Wang Y, Shi J, Chen J, Zhu W, Baranoff ED (2015) Recent progress in luminescent liquid crystal materials: design, properties and application for linearly polarised emission. J Mater Chem C 3:7993–8005
Karbovnyk I, Olenych I, Kukhta A, Lugovskii A, Sasnouski G, Yarytska L, Yu O, Luchechko A, Popov AI, Yarytska LI (2016) Multicolor photon emission from organic thin films on different substrates. Rad Meas 90:38–42
Bolesta I, Kolych I, Kushnir A, KarbovnykI CJM, Gamernyk RV, Luchechko A, Rykhlyuk S (2014) Local fields in nanostructured silver films. Journal of Nanophotonics 8:083087
Karbovnyk I, Olenych I, Aksimentyeva O, Klym H, Dzendzelyuk O, Olenych Y, Hrushetska O (2015) Effect of radiation on the electrical properties of PEDOT-based nanocomposites. Nanoscale Res Lett 11:84
Karbovnyk I, Collins J, Bolesta I, Stelmashchuk A, Kolkevych A, Velupillai S et al (2015) Random nanostructured metallic films for environmental monitoring and optical sensing: experimental and computational studies. Nanoscale Res Lett 10:151
Olenych I, Aksimentyeva O, Monastyrskii L, Horbenko Y, Partyka M, Luchechko A, Yarytska L (2016) Effect of graphene oxide on the properties of porous silicon. Nanoscale Res Lett 11:43
Kukhta AV, Kukhta IN, Kazakov SM, Khristophorov OV, Neyra OL (2007) Interaction of low-energy electrons with linear diphenylethynyl derivatives in the gas phase. J Chem Phys 127:084316
Karbovnyk I, Bolesta I, Rovetskii I, Velgosh S, Klym H (2014) Studies of CdI2-Bi3 microstructures with optical methods, atomic force microscopy and positron annihilation spectroscopy. Mater Sci Pol 32(3):391–395
Hadzaman I, Klym H, Shpotuyk O, Brunner M (2010) Temperature sensitive spinel-type ceramics in thick-film multilayer performance for environment sensors. Acta Physica Polonica-Series A 117(1):234–237
Christiansen O, Koch H, Jörgensen P (1995) The second-order approximate coupled cluster singles and doubles model CC2. Chem Phys Lett 243:409–418
Weigend F, Hӓser M, Patzelt H, Ahlrichs R (1998) RI-MP2: optimized auxiliary basis sets and demonstration of efficiency. Chem Phys Letters 294:143–152
Frisch MJ, Trucks GW, Schlegel HB, Scuseria GE, Robb MA, Cheeseman JR, Scalmani G, Barone V, Mennucci B, Petersson GA, Nakatsuji H, Caricato M, Li X, Hratchian HP, Izmaylov AF, Bloino J, Zheng G, Sonnenberg JL, Hada M, Ehara M, Toyota K, Fukuda R, Hasegawa J, Ishida M, Nakajima T, Honda Y, Kitao O, Nakai H, Vreven T, Montgomery JA Jr, Peralta JE, Ogliaro F, Bearpark M, Heyd JJ, Brothers E, Kudin KN, Staroverov VN, Kobayashi R, Normand J, Raghavachari K, Rendell A, Burant JC, Iyengar SS, Tomasi J, Cossi M, Rega N, Millam JM, Klene M, Knox JE, Cross JB, Bakken V, Adamo C, Jaramillo J, Gomperts R, Stratmann RE, Yazyev O, Austin AJ, Cammi R, Pomelli C, Ochterski JW, Martin RL, Morokuma K, Zakrzewski VG, Voth GA, Salvador P, Dannenberg JJ, Dapprich S, Daniels AD, Farkas O, Foresman JB, Ortiz JV, Cioslowski J, Fox DJ (2009) Gaussian 09, revision A. 1. Gaussian, Inc, Wallingford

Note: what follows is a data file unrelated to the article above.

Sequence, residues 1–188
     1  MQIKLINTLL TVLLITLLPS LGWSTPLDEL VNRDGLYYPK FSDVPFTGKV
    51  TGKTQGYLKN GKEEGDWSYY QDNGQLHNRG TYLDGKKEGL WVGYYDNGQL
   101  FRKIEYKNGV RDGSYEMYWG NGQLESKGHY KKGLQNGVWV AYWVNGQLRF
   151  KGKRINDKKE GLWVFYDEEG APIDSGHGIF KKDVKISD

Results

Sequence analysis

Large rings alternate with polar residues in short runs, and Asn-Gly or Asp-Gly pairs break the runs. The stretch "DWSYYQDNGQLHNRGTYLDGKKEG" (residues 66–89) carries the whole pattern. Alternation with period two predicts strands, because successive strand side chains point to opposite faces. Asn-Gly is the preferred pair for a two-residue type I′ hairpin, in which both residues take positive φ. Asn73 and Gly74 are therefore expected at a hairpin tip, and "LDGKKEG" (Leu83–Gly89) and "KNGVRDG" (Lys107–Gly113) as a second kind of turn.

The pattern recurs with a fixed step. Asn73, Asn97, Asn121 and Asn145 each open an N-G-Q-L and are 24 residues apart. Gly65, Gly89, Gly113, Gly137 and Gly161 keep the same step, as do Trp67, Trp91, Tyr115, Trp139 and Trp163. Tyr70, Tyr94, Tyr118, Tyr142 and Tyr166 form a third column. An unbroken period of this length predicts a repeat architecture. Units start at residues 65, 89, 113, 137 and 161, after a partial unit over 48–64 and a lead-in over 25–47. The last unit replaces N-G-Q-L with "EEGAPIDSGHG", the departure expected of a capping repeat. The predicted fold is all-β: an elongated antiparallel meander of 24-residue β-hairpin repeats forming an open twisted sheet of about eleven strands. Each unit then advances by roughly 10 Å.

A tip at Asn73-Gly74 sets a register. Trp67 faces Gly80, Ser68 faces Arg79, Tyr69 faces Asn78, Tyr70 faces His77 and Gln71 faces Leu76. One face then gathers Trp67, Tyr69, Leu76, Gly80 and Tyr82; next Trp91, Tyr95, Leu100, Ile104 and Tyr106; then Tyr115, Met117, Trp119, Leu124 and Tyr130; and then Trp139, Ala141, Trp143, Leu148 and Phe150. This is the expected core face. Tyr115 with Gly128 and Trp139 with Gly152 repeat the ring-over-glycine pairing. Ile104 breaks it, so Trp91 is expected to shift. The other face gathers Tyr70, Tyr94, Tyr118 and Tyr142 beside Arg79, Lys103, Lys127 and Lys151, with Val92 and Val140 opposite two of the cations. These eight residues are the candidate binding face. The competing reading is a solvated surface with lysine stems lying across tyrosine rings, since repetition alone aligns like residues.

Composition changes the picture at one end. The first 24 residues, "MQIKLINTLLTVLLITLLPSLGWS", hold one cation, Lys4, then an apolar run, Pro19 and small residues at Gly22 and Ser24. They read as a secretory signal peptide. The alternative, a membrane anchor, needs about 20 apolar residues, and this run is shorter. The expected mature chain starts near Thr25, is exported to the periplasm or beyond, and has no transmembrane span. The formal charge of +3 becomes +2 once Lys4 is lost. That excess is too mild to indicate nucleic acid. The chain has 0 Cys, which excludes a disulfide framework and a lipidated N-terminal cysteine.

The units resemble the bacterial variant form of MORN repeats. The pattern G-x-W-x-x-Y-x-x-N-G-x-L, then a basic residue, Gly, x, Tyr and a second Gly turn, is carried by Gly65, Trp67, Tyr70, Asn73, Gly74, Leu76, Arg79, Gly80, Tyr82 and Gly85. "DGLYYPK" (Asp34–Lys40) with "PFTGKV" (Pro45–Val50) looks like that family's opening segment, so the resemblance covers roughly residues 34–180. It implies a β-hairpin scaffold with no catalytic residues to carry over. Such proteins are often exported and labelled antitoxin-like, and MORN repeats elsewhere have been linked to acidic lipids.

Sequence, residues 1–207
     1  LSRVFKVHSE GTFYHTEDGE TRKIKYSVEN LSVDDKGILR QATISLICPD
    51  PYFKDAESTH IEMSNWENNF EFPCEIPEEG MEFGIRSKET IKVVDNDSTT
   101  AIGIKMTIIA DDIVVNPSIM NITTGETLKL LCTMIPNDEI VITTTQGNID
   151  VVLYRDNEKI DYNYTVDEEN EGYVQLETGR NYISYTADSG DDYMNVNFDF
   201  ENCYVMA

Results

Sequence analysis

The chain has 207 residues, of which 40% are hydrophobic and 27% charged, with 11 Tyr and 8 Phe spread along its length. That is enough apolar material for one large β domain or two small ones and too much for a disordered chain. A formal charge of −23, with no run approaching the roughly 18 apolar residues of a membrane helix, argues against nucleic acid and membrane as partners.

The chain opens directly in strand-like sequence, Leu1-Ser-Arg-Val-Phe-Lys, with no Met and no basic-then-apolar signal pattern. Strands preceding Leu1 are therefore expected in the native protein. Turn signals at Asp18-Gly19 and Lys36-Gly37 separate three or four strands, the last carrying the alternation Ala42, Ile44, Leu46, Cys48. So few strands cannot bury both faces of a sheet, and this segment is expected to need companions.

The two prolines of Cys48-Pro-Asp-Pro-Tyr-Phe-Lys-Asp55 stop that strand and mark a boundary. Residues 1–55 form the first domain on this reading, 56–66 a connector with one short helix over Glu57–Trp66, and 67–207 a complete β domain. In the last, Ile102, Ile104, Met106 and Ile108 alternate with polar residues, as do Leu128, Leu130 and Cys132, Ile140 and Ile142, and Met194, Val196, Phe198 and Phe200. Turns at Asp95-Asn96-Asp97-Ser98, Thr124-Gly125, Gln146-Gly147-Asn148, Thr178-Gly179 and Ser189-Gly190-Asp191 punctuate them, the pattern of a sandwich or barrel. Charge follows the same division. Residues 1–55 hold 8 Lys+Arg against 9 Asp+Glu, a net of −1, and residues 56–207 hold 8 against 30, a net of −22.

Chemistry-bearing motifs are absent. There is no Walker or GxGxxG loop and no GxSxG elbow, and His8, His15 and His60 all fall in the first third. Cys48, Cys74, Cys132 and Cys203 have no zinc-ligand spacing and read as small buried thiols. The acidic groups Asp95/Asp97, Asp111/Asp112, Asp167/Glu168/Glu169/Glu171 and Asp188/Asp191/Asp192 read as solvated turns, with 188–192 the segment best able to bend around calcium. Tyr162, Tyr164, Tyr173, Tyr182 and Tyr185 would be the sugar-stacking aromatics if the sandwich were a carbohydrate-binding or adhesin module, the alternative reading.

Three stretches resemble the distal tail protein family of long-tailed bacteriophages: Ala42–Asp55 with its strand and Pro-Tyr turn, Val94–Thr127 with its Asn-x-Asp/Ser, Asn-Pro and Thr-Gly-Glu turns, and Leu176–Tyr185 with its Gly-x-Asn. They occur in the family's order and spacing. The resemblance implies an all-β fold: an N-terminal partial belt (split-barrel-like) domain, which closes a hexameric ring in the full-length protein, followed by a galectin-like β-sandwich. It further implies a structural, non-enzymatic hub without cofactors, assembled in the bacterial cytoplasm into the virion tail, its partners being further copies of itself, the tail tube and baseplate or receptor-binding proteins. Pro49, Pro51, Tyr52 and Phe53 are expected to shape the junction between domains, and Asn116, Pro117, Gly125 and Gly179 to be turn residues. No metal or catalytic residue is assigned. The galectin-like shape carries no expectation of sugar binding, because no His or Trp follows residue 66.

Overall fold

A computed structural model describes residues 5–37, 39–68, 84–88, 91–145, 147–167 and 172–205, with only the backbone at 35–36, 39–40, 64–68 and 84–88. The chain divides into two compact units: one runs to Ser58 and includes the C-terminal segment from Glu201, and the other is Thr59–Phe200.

Sutton C, Risco C, Bredas J-L (2016) Non-covalent intermolecular interactions in organic electronic materials: implications for the molecular packing vs. electronic properties of acenes. Chem Mat 28:3–16
Klym H, Ingram A (2007) Unified model of multichannel positron annihilation in nanoporous magnesium aluminate ceramics. J Phys Conf Ser 79(1):012014
Bondarchuk A, Shpotyuk O, Glot A, Klym H (2012) Current saturation in In2O3-SrO ceramics: a role of oxidizing atmosphere. Rev Mex Fis 58(4):313–316
Kukhta AV, Kukhta IN, Kolesnik EE, Olkhovik V, Galinovskii NA, Javnerko GK (2009) Spectroscopic and morphological properties of dibenzoxazolylbiphenyl thin films. J Fluorescence 19:989–996
Lakowicz JR (2006) Principle of fluorescence spectroscopy (Springer)
AK would like to acknowledge the Tomsk State University Competitiveness Improvement Program.
AK and IDK developed the concept of the research. IDK coordinated the experiments and prepared the draft of the manuscript. IO carried out film deposition. INK calculated equilibrium geometries of investigated molecules. AL and GS synthesized the organic molecules under study. TC did the processing of AFM data. APL worked on luminescence measurements. IK performed the AFM experiment on organic films. AK estimated the polarization degree. All authors took active part in the discussion of the results and approved the final version of the manuscript.
The authors declare that they have no competing interests.
About this article
Cite this article
Karbovnyk, I.D., Olenych, I., Kukhta, I.N. et al. Electric Field Oriented Nanostructured Organic Thin Films with Polarized Luminescence. Nanoscale Res Lett 12, 166 (2017) doi:10.1186/s11671-017-1936-9
- Liquid crystalline molecules
- Thin films